Bleed is one of the most misunderstood concepts within print.
Often tuition courses are misleading due to reliance on old information that is no longer relevant, often designers have only ever produced for the screen or web so don’t understand the concept, and often the concept is understood but the application is not.
This article is designed to give you in-depth understanding of the concept of bleed.
If you are an experienced designer and simply want to check our requirements, you may visit our Quick Artwork Guide here to check over the requirements.
If you are attempting your own design for the first time, then this article should tell you everything you need to know.
Starting with your 300dpi template, you first need to understand the concept, then a little about why its a requirement, and finally, some notes on the application.
Lets take our logo for an example. If you want this to be the final finished product:
Then the artwork you need to supply would look like this:
You’ll notice the document has wider edges.
To illustrate this better, here is the same document with guides at 3mm from each edge.
These pink lines are the Trim lines. This document has 3mm bleed, i.e. each trim line is 3mm from the edge. As you will surmise, this means that we will trim at these lines to give the desired outcome in picture 1.
This in a nutshell is the concept of bleed.
The reason why a document needs bleed is to do with the way sheets of paper are cut.
As you’ll see from the image below:
When a stack of paper is cut, the paper is pushed away by the guillotine. This can result in slippage of the sheets. While this is only in the order of 0.1-0.2mm or less, there are two possible outcomes:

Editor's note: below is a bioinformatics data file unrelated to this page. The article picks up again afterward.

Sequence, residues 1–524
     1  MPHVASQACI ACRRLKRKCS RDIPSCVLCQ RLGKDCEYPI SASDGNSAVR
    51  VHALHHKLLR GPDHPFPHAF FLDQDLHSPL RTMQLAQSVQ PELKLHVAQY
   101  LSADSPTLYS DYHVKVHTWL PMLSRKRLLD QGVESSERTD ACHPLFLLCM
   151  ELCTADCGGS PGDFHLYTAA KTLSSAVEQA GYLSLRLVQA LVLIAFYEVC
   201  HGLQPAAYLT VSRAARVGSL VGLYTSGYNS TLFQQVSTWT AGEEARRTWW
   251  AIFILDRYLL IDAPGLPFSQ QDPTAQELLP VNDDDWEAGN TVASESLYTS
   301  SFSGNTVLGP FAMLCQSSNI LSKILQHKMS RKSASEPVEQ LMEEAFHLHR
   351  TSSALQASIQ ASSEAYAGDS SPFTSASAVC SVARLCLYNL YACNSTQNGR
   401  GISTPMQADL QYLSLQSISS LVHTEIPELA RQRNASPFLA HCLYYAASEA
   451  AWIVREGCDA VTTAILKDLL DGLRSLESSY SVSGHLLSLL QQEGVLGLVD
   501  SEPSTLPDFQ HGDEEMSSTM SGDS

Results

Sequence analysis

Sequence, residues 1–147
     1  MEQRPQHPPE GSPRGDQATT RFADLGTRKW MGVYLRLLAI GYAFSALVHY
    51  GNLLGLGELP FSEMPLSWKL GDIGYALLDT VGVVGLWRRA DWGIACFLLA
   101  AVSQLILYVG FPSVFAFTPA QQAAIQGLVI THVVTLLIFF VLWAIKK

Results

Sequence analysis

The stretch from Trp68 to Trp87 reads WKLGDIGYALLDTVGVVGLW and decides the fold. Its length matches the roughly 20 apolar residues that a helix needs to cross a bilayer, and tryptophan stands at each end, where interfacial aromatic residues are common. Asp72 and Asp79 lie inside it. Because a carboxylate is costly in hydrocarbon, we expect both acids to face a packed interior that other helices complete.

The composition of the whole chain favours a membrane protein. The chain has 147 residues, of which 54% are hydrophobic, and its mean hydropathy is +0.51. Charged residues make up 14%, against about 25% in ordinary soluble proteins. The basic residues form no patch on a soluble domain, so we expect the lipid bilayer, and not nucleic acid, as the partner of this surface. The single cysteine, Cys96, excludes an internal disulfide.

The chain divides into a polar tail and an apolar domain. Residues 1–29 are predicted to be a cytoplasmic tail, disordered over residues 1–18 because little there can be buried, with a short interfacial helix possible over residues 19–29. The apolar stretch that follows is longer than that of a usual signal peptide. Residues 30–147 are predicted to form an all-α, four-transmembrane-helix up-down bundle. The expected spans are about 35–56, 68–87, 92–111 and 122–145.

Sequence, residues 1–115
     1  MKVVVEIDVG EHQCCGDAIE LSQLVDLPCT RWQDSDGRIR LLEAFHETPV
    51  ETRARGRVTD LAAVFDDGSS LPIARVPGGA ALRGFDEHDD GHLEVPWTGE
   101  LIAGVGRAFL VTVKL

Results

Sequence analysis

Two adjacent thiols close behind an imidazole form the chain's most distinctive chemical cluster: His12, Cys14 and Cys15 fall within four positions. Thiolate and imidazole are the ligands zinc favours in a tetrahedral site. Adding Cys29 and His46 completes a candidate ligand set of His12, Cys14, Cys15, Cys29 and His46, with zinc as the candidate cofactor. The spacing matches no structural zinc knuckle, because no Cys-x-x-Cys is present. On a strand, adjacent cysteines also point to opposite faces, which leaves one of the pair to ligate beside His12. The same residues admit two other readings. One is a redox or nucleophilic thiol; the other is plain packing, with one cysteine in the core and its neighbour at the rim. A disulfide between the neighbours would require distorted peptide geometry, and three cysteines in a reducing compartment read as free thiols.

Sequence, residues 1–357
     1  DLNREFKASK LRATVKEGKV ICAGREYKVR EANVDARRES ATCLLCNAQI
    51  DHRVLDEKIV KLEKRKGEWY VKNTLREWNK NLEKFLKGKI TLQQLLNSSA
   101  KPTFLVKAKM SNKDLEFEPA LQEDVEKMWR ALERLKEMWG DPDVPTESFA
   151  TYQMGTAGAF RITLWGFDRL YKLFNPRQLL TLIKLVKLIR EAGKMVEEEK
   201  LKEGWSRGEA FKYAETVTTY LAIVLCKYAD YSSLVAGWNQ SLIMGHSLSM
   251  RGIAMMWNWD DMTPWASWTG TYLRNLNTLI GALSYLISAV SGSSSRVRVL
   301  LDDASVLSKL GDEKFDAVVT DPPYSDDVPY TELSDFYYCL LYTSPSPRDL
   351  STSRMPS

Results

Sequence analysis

- the cutter moves inside the document
- the cutter moves outside the document
In our example above, if the cutter moves outside the document, the additional bleed of dark blue, allows the document to remain dark blue right to the edge. If the bleed was not there, you would see white paper, which does not look professional.
If the cutter moves inside the document, our example would still be OK. But imagine the artwork was set up too close to the edge:
In this example, if the cutter moves inwards, it will trim off some of the lettering. In addition, there needs to be area in which to grip the document and here there is none.
- You should have at least 3mm between your logos, text and desired content and the trim edge.
- There should be a further 3mm between the trim edge and the bleed edge.
- This area should contain the same document background.
In the application of preparing artwork for print, item 3 is perhaps the most important. In all the examples we’ve shown above, if there was not enough bleed, one could simply add more plain dark blue to the document to make more.
However, if the document has a photographic background:
…at this point you can see it would be very difficult to add more photograph to create an area within which to trim. The correct version of this document would look like this:
In this document:
- The logo is 6mm from the outside (bleed) edge.